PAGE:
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Guthrie's klezmer clan

Who knew Woody Guthrie wrote a trove of Jewish-themed songs? His son Arlo, for one.

December 04, 2004|Steve Hochman | Special to The Times

The story of Arlo Guthrie's "hootenanny bar mitzvah" is a colorful episode in folk music mythology, perhaps more so than the singer would like at this point.

"It was not typical," he acknowledges, noting that the event had more to do with his father, musical giant Woody Guthrie, who was hospitalized for the Huntington's chorea of which he would die seven years later.

The 1960 New York gathering featured such fellow folkies as Pete Seeger and radical rabbi Meir Kahane, who had been the boy's instructor.

"It was mostly a bunch of guys having fun, mostly my dad's peers who had shown up," Guthrie says. "My dad was brought in from the hospital. Luckily for me the attention was on him, so I was spared."

Today, Guthrie, 57, has again been exploring his Jewish roots -- and once more the attention is on his father. Guthrie will be joining New York klezmer band the Klezmatics and his son Abe for "Holy Ground: The Jewish and Spiritual Songs of Woody Guthrie" at Walt Disney Concert Hall on Monday.

The thing is, Woody Guthrie wasn't Jewish. His second wife, and Arlo's mother, Marjorie Mazia Guthrie, was. But in recent years, explorations of Woody's archives overseen by Arlo's sister Nora have revealed a wealth of lyrics for unrecorded songs dealing with Jewish themes.

The man best known for "This Land Is Your Land," Depression-era Dust Bowl ballads and such songs of social protest as "Plane Wreck at Los Gatos" had also written songs ranging from children's holidays ditties ("Hanukkah Tree") to contemplations of Old Testament and Talmudic matters ("What Will It Profit a Man?").

"The songs range from the point of view of people in concentration camps during the war to children's songs," Arlo says.

This material comes from the period when the Guthries lived near Coney Island in Brooklyn, where Arlo was born. Some reflects the great influence of -- and even collaborations with -- Marjorie's mother, noted Yiddish poet Aliza Greenblatt.

"They had a kinship of spirit, which I also had with her," Arlo Guthrie says. "She was the poet of the family, and her spirit was very close to mine"

Arlo grew up with an awareness of the Jewish roots on his mother's side, but in practice the family was not aligned with any one religion. He retells an anecdote dealing with Woody and Marjorie's first child, Kathy, who died after being in a fire a year before Arlo was born.

"She was brought to the hospital, still alive, and my mother rushed in and the nurse said, 'Mrs. Guthrie, you filled in everything but what religion the child is,' " he says. "She said, 'All.' The nurse said, 'We can't put that.' So she said to put 'none.'

"Twenty minutes later my father came in and, thinking to get around the confusion, the nurse said, 'You need to fill in the religion.' He said, 'Put "all." She said, 'We can't do that.' So he said, 'Put "none." ' "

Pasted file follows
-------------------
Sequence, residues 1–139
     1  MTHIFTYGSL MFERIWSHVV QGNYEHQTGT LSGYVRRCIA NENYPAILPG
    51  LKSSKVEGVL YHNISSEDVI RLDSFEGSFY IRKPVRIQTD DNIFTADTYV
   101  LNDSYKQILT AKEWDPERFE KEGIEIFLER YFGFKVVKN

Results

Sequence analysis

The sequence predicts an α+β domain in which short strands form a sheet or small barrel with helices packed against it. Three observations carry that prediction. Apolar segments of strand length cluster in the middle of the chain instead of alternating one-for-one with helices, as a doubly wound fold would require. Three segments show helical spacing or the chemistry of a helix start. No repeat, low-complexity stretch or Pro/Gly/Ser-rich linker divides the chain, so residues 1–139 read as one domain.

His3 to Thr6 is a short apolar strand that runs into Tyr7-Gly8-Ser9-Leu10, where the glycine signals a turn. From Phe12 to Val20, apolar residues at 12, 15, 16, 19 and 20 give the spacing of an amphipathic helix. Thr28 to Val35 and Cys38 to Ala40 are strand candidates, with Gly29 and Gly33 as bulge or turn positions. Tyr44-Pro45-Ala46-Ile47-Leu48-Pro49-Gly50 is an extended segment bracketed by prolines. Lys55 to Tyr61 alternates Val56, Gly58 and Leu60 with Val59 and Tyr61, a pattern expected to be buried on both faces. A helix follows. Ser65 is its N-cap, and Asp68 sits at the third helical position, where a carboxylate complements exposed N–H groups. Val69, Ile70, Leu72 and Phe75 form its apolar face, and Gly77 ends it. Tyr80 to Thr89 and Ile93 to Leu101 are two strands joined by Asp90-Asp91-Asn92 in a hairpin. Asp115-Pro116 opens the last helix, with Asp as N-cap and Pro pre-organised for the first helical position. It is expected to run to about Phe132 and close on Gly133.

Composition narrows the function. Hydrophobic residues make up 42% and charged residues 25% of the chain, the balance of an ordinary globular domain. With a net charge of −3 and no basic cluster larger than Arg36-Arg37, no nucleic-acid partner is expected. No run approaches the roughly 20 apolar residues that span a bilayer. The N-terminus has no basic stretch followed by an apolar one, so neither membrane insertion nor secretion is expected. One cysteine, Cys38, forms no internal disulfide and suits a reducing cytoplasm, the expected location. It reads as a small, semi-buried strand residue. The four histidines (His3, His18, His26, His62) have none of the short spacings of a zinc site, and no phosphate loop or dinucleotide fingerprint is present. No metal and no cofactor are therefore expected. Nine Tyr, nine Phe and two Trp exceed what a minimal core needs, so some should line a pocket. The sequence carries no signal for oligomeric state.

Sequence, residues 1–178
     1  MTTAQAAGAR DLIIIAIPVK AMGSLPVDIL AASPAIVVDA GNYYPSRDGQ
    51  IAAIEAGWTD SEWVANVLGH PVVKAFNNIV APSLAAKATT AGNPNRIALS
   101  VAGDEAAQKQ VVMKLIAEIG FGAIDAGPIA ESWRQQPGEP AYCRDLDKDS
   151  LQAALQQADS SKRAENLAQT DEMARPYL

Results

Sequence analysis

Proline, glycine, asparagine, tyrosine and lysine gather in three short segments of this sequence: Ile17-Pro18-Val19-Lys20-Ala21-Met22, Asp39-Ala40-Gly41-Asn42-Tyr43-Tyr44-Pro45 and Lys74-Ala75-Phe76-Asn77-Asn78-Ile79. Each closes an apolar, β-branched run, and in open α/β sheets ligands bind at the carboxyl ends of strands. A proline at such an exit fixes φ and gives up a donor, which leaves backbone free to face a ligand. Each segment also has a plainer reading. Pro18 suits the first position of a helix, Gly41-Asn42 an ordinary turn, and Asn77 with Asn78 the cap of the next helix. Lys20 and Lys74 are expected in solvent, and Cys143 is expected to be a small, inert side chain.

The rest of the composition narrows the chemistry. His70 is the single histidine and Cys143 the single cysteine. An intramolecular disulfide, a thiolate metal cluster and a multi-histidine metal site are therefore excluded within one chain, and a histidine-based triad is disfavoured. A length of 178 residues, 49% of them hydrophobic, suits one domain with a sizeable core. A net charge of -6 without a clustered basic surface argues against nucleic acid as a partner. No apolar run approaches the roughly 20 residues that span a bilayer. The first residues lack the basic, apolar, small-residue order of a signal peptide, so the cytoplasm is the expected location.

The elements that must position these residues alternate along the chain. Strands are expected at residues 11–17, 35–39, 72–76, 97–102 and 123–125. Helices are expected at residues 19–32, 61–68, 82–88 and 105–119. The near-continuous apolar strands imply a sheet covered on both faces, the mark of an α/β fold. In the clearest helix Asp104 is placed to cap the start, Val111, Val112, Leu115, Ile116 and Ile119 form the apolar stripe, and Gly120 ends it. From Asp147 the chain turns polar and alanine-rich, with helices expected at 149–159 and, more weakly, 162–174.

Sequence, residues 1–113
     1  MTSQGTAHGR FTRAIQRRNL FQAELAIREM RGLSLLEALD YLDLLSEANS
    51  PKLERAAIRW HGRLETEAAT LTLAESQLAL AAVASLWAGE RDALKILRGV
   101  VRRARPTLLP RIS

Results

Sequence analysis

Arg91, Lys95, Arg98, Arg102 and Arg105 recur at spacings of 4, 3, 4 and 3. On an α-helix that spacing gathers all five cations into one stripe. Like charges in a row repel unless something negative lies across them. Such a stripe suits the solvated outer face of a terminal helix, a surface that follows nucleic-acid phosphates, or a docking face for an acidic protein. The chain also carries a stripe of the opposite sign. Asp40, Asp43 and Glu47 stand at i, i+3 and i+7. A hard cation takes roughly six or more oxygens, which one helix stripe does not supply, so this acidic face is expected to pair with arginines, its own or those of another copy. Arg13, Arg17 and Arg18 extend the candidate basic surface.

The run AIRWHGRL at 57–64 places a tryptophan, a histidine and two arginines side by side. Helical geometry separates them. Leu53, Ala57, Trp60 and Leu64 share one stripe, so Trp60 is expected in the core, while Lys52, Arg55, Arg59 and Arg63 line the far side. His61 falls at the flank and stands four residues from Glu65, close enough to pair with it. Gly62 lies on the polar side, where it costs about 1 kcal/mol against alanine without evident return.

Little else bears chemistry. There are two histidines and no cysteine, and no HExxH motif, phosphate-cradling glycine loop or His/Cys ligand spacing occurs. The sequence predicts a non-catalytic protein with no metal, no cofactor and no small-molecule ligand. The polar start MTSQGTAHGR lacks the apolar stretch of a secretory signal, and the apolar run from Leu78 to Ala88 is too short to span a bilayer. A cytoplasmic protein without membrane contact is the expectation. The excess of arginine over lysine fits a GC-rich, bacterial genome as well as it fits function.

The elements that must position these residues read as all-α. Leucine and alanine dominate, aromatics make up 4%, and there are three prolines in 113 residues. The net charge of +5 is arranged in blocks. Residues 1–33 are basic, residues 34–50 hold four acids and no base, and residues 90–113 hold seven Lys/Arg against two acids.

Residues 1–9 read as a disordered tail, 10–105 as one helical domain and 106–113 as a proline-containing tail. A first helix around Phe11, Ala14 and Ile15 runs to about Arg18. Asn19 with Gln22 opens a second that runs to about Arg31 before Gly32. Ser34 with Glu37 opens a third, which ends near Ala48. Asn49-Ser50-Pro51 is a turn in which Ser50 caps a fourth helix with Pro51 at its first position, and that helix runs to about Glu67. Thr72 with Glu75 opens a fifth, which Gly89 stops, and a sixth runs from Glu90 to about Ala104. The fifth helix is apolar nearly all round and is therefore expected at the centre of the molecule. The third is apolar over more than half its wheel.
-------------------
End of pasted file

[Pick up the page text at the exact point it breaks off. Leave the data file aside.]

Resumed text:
Arlo himself connected more with Judaism while in boarding high school in Stockbridge, Mass., at first using synagogue attendance as a way to get excused trips off campus but soon developing a real interest in its teachings. As an adult, he embraced Franciscan Catholic beliefs and also studied Eastern religions while maintaining his connection to Judaism as well.

That Woody Guthrie would have written about Jewish themes is no surprise to him, though. Nothing in the archives would likely surprise him now, given the first rounds of archival projects in which music was written and recorded by Billy Bragg and Wilco for Guthrie lyrics dealing with such subject matters as UFOs and Joe DiMaggio, as well as the more expected matters of social justice.

"There's about 3,500 songs in there," Arlo says. "Some are better than others. My dad would write everything. Pieces of lyrics, little collections, long ballads and everything in between -- little prayers, historic ballads, personal love songs, whatever.

"These particular songs started around 1944 or '45 and go through '52, '53, '54," Guthrie says. "He met my mom in '42 or '43, and by 1954 he'd entered the hospital, so these songs run from songs written when he was first in love with my mom to songs written in the hospital."

Originally, Arlo was not involved in the Jewish songs project. He's focused in recent years on his own music, reissuing old albums on his own label and recording new music, including an updated "30th Anniversary Edition" in 1997 of "Alice's Restaurant." He also oversees philanthropic work via the Guthrie Center and Guthrie Foundation.

Instead, Nora had recruited the Klezmatics to compose music for the songs she had selected, which led to the recording of an album. The band later called Arlo and asked him to participate in a concert last year at the 92nd Street Y in New York.

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